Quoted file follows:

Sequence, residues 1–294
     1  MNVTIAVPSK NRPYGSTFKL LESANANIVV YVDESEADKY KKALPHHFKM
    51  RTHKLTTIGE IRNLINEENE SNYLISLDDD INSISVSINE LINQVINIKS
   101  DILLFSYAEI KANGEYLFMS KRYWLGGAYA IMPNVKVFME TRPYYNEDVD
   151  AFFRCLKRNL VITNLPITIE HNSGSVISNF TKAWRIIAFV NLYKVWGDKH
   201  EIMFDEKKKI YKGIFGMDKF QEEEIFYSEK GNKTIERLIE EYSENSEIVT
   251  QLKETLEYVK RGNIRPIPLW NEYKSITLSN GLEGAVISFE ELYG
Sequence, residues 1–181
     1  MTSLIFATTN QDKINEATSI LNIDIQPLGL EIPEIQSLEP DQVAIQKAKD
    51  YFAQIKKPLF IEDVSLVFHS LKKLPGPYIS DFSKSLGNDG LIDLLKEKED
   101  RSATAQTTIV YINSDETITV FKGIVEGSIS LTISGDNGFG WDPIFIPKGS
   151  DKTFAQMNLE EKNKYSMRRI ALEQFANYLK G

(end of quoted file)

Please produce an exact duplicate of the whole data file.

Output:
Sequence, residues 1–294
     1  MNVTIAVPSK NRPYGSTFKL LESANANIVV YVDESEADKY KKALPHHFKM
    51  RTHKLTTIGE IRNLINEENE SNYLISLDDD INSISVSINE LINQVINIKS
   101  DILLFSYAEI KANGEYLFMS KRYWLGGAYA IMPNVKVFME TRPYYNEDVD
   151  AFFRCLKRNL VITNLPITIE HNSGSVISNF TKAWRIIAFV NLYKVWGDKH
   201  EIMFDEKKKI YKGIFGMDKF QEEEIFYSEK GNKTIERLIE EYSENSEIVT
   251  QLKETLEYVK RGNIRPIPLW NEYKSITLSN GLEGAVISFE ELYG
Sequence, residues 1–181
     1  MTSLIFATTN QDKINEATSI LNIDIQPLGL EIPEIQSLEP DQVAIQKAKD
    51  YFAQIKKPLF IEDVSLVFHS LKKLPGPYIS DFSKSLGNDG LIDLLKEKED
   101  RSATAQTTIV YINSDETITV FKGIVEGSIS LTISGDNGFG WDPIFIPKGS
   151  DKTFAQMNLE EKNKYSMRRI ALEQFANYLK G